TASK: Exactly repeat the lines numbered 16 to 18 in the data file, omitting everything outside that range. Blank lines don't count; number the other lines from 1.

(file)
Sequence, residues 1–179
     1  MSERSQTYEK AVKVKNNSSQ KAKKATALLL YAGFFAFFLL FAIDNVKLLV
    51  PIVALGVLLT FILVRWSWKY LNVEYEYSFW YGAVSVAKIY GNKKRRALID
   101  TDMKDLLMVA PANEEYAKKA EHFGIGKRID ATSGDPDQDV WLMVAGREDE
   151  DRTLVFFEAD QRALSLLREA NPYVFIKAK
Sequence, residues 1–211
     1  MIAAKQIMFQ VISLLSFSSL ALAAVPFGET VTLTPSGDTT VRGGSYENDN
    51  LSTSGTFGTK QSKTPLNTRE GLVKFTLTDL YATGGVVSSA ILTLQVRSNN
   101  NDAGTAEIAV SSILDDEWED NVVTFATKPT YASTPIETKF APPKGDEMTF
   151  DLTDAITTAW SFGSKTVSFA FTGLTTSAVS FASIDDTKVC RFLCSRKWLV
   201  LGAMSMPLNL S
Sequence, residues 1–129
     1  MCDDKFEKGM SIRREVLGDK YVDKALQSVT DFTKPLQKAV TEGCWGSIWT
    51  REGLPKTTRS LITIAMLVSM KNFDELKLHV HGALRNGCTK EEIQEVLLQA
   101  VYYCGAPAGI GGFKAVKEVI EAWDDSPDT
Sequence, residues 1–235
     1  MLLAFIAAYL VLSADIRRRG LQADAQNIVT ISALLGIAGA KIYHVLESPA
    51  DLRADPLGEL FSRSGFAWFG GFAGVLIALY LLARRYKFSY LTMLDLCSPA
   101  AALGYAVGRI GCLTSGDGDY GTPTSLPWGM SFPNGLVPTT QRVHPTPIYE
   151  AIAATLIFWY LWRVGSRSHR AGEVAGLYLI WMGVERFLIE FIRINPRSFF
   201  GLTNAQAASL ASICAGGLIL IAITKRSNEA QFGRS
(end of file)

Sequence, residues 1–235
     1  MLLAFIAAYL VLSADIRRRG LQADAQNIVT ISALLGIAGA KIYHVLESPA
    51  DLRADPLGEL FSRSGFAWFG GFAGVLIALY LLARRYKFSY LTMLDLCSPA